We still don’t have a clue what Nope is really about only days away from its release, but we can at least tell you all about one of the mysterious Jordan Peele film’s sets: a fictional theme park that’s been relocated to an actual Hollywood-adjacent theme park.
When Jupiter’s Claim opens on July 22 (the very same day that Nope releases), Universal Studios Hollywood visitors will be able to travel through the idealized, carefree Gold Rush town as part of Universal’s studio tour, the nearly hour-long tram ride that snakes through a mix of camera-ready backlot sets and theme park theatrics. Jupiter’s Claim falls somewhere between the two: It was actually used on location to shoot Nope and then rebuilt at Universal, and (if our pre-opening experience is any indication) will at least include a sudden wave of ominous sounds and flickering lights as you make your way through.
Based on our many rewatches of Nope’s trailers, the layout of Jupiter’s Claim here looks almost identical to its use in the film other than a missing building or two—and sans the mountainous Santa Clarita Valley backdrop where it was originally located (the scenery from Universal’s hillside studio is certainly no slouch, though). The film-to-theme-park transition of production designer Ruth DeJong’s set was apparently planned early on in the film’s production, and that really shows with just how fully-realized the whole town feels. Its saloon-style facades copy the sort of storefronts you’d expect to see in a restoration village: Signs advertise ice cream, candy, leather goods and a general store (to be clear, none of these are actual stores) as well as civic staples like a fire house, train station and bank.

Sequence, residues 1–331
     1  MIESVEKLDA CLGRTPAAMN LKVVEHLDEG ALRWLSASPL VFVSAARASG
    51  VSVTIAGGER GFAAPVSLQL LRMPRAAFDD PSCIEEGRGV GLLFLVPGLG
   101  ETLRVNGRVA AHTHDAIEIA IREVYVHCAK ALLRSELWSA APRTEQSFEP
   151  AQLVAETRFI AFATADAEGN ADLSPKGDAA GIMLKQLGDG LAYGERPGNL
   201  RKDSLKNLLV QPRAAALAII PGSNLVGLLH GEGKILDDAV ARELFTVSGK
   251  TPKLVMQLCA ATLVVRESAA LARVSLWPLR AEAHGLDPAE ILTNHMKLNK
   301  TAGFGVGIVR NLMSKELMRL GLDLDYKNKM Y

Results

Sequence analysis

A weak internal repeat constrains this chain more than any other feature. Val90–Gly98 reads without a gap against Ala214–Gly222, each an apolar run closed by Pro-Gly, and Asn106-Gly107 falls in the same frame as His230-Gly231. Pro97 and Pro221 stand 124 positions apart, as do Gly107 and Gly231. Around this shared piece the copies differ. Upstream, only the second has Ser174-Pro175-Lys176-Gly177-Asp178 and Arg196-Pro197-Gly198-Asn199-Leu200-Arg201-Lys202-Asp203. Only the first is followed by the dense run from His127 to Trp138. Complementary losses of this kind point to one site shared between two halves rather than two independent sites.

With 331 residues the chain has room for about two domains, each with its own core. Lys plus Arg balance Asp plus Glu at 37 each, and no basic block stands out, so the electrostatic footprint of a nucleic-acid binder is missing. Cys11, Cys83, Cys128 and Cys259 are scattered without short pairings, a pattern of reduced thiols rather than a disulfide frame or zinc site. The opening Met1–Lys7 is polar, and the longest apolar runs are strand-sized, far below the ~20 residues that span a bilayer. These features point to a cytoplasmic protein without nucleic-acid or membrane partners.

For our visit, we ventured through on foot, so we can’t speak to what it’s like experiencing it with a tram’s-eye view. Also, Jupiter’s Claim was set up for a party filled with carnival games and very-into-it actors (both absent from the tram version) that rewarded us with “Jupe Jangles” that we could exchange for Nope merch—and, honestly, we’d pay unreasonable amounts of money to recreate the experience. Hopefully Universal will decide to stage something similar in the future for the public. Otherwise, it seems like the only opportunity guests will have to experience Jupiter’s Claim at a more leisurely pace is on a premium-priced VIP studio tour, which includes some on-foot detours across the backlot.
As we initially explored the faux frontier town, we kept wondering when that element of Jordan Peele subversiveness would let itself be known: Was this all a front for a commentary on the displacement of indigenous populations during the Gold Rush? The mistreatment of Chinese miners? An alien invasion as an allegory? Ultimately though, the set is just a set until we know whatever Daniel Kaluuya and Keke Palmer-led plot ensues in the movie; it’s a colorful, overly cheery Western town filled with illustrated, winky facsimiles of Steven Yeun’s character, theme park owner Ricky “Jupe” Park.
It’s highly probable that Nope will add plenty of context to Jupiter’s Claim. But we visited when all we still know about the secretive film is that it involves a brother-and-sister–run ranch, people being sucked up into the sky and probably aliens. When Jupiter’s Claim opens to the public, Nope will be out, so we won’t waste too much time on parsing together what clues the set may have for the film (whether a mention of “we wish you well” hints at some ominous importance for the town’s well, or what to make of the crashed motorcycle, torn apart pig pen, collapsed rodeo stadium or the truck with a horse statue crushed into its roof). We will, however, at least call out the eerie, faceless dolls that are littered around the Star Lasso Experience—something we surely hope the film can explain to ease (or escalate) our nightmares.